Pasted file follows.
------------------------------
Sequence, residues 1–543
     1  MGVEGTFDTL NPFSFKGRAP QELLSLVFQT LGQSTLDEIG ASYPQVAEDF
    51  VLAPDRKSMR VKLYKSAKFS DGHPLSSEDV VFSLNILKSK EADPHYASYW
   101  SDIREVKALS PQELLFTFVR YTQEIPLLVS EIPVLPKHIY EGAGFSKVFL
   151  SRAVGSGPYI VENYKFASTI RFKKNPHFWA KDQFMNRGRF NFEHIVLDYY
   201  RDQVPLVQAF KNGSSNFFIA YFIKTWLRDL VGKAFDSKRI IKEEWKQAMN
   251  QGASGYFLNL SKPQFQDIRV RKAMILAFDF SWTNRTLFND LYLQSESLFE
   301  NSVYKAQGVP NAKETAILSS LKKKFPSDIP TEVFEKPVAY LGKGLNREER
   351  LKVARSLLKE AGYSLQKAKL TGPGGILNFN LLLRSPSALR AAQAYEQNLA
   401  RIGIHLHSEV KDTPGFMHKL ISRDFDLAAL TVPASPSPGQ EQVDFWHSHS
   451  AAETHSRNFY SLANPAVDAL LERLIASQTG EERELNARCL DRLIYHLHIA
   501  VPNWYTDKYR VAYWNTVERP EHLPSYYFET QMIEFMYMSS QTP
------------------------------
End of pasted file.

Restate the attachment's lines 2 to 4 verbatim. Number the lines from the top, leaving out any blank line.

     1  MGVEGTFDTL NPFSFKGRAP QELLSLVFQT LGQSTLDEIG ASYPQVAEDF
    51  VLAPDRKSMR VKLYKSAKFS DGHPLSSEDV VFSLNILKSK EADPHYASYW
   101  SDIREVKALS PQELLFTFVR YTQEIPLLVS EIPVLPKHIY EGAGFSKVFL